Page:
Before the Nintendo Wii was first released, I first came across a trailer for the game console Nintendo initially was referring to as the Revolution. It was an amazing example of innovation in the interface of video games. I had a classic moment of “why did I not think of that”.
To me, it was great design – giving the users a much more immerse and intuitive gaming experience. Gaming is about pretend-play, where one imagines oneself to be another character. So why should the controls be an array of buttons, when you can pretend it’s a wand, a tennis racket, or a light saber?
Searching for more information, and I observed that this is a clever approach. The Xbox360 and PS3 are geared for and compete for the increasingly difficult niche of hard-core gamers, the Wii aims for a different consumer instead – the casual or social gamers who’d play a game or two at leisure, or while doing chores. Nintendo avoids a head-on competition with its rivals. Moreover, concentrating on this market also means it does not need to spend resources on (expensive) ultra-realistic graphic cards and hardware, and so they are in a much easier position as compared to Xbox/PS3.
As the sale date drew closer, images of its design details emerged, and I became somewhat disappointed. The physical console itself seem to be a far cry from what it promised, especially as one inspects the details. It seemed ordinary, and mediocre. Perhaps this is due to the much lower price-point that they targeted. The plastic housing and buttons screams ordinary and cheap.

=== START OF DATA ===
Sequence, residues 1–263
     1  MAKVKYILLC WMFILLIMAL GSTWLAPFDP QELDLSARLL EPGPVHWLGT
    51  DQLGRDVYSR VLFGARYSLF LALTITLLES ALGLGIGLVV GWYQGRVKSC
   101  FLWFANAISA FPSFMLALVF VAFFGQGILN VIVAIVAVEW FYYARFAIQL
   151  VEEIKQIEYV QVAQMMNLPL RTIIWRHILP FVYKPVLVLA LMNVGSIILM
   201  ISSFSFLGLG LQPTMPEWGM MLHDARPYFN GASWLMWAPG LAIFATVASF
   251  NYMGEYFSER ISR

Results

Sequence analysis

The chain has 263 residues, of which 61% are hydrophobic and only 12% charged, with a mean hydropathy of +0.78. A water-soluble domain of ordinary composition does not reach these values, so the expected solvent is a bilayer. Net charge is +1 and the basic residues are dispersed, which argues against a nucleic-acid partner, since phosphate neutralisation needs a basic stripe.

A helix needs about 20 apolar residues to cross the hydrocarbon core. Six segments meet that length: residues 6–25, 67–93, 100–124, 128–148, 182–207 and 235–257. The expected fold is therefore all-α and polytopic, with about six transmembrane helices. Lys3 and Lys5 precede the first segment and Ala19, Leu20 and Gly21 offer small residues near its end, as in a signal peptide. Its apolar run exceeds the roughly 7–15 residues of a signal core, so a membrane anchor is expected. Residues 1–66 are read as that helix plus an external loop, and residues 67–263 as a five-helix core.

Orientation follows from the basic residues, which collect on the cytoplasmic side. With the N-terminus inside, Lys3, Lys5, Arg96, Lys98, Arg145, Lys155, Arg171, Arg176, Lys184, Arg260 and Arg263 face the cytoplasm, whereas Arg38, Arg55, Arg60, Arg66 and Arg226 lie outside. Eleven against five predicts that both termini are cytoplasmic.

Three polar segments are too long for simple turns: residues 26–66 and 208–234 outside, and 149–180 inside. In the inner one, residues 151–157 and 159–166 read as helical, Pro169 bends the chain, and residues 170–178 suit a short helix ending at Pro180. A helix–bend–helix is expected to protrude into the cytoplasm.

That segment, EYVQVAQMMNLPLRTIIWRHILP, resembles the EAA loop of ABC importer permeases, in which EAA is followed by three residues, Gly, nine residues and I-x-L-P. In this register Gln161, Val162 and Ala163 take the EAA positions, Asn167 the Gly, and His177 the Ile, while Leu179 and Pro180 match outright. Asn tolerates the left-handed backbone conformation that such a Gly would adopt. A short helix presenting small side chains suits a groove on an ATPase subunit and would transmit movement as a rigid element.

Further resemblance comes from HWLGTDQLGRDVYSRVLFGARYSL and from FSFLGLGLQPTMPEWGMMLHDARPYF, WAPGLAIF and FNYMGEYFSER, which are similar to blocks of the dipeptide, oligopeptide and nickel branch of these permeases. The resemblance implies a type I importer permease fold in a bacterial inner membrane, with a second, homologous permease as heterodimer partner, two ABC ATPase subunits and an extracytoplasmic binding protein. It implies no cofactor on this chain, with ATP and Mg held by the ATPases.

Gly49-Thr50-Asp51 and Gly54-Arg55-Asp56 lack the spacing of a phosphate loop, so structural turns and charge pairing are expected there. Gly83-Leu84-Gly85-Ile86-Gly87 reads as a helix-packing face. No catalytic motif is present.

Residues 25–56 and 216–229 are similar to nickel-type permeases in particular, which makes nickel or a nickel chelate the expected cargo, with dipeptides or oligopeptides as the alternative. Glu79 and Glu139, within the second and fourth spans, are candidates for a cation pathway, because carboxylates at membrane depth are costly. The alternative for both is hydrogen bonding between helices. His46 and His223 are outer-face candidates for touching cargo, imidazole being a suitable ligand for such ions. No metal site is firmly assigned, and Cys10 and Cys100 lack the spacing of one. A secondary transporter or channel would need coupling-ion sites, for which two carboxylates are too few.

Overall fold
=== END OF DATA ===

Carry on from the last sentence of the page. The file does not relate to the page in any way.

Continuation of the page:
Expectation meets Reality
One could argue that during game play, no one pays attention to the console itself. It’s the game itself that is important. From an industrial design perspective, the console overall looks good – it looks well sculpted as it sits proudly in the cradle at an angle, with sleek proportions and simplicity. The let-down, however, is in some of the details such as the cables, the finishing and the buttons.
So in a way, the Wii console is a hallmark of good design – well thought out novel approaches to bring a new and exciting experiences to users, which is what design ideal is about. But I’m scrutinizing it extra hard, because I had set much higher expectations for it. Therefore when the physical product isn’t as astonishing as the experience of the game play, I find myself somewhat let down.
After two years of having all three consoles (Wii, Xbox and PS3) in my home with two teenagers and the third at 10, it is the Wii that gets the most play time.